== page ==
The Globe and Mail reports, “The federal government is closing a research station scientists have used for decades to study how pollutants like acid rain and phosphates affect lakes. The Experimental Lakes Area is in Northwestern Ontario, about 250 kilometres east of Winnipeg, Manitoba. Since 1968, government and university scientists have used its 58 small lakes to test hypotheses about freshwater ecosystems. One experiment has been running for 40 years. Employees were told Thursday, said Roberto Quinlan, a biologist at York University… David Schindler, a professor at the University of Alberta, said employees were told that the facility will be closed as of March, 2013, and that universities, not governments, should be doing this kind of science.”
As noted on the Experimental Lakes Area website, the purpose of the program is:
-To better understand global threats to the environment through knowledge gained from whole-ecosystem, experimental, scientific research
-To monitor and demonstrate the impacts of human activities on watersheds and lakes
-To develop appropriate environmental stewardship strategies for the preservation, restoration and enhancement of ecosystems
-To educate and promote environmental protection and conservation through an integrated approach to ecosystem stewardship
The news article notes, “The Professional Institute of the Public Service of Canada is criticizing the Department of Fisheries and Oceans for withdrawing funding from the Experimental Lake Areas program. ‘A region of remote lakes has been dedicated, since the late 1960s, to whole-lake ecosystem research. It has been the site of groundbreaking studies into the effects of pollutants, acid rain, freshwater aquaculture, and hydroelectric dams on freshwater ecosystems,’ the union said in a news release. …John Smol, a professor at Queen’s University in Kingston, said closing the facility is a ‘travesty, not just for Canada but for the rest of the world’. He said data from experiments carried out at the lakes ‘were critical in showing we can’t have phosphates in detergents and that acid rain causes marked ecosystem changes.'”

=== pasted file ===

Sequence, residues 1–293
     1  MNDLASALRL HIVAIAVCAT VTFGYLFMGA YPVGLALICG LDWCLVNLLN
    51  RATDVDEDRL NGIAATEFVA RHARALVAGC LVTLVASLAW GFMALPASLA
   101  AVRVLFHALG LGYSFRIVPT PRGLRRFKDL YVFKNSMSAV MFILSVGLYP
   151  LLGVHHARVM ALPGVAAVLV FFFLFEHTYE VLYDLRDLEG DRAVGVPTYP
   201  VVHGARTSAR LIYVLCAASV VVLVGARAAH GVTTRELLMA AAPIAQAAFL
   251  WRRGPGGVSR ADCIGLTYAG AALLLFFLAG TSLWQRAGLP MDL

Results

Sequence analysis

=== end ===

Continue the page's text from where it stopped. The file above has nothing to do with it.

Council of Canadians chairperson Maude Barlow, who is currently on an eight-city tour to defend the Great Lakes and promote their protection as a commons, public trust and bioregion, has condemned the Harper government for its decision.
Barlow says, “The Harper government is waging war on Canada’s freshwater. We don’t start with a strong record. Our national water laws are out-dated, we don’t properly enforce the ones we have and we chronically underfund source water and watershed protection. And consecutive governments refuse to consider the effect on freshwater when creating economic, industrial, energy or trade policies. Yet the Harper government appears intent on systematically dismantling the few protections that have been put in place at the federal level to protect our freshwater heritage.”
She has highlighted the impacts of the Budget Implementation Act (now in second reading), the gutting of Fisheries Act protections, the decimation of the Canadian Environmental Assessment Act, and the cutting of a long-standing international water monitoring program. “In a mean spirited move, the Harper government is killing the Global Environmental Monitoring System, an inexpensive project that monitors over 3,000 freshwater sites around the world for a UN database and that Canada has proudly hosted for decades.”
Barlow adds, “The United Nations says the world is experiencing an unprecedented ecological and human water crisis. Governments and communities around the world are moving to protect their precious water systems to ensure they will be here for future generations. What a travesty Stephen Harper has decided to sacrifice our freshwater heritage in order to please his industry friends. We will all live to regret this.”
Barlow will be speaking in Thunder Bay tonight on the need to protect Lake Superior and all the Great Lakes. For more on her tour, please see http://canadians.org/water/issues/Great_Lakes/index.html.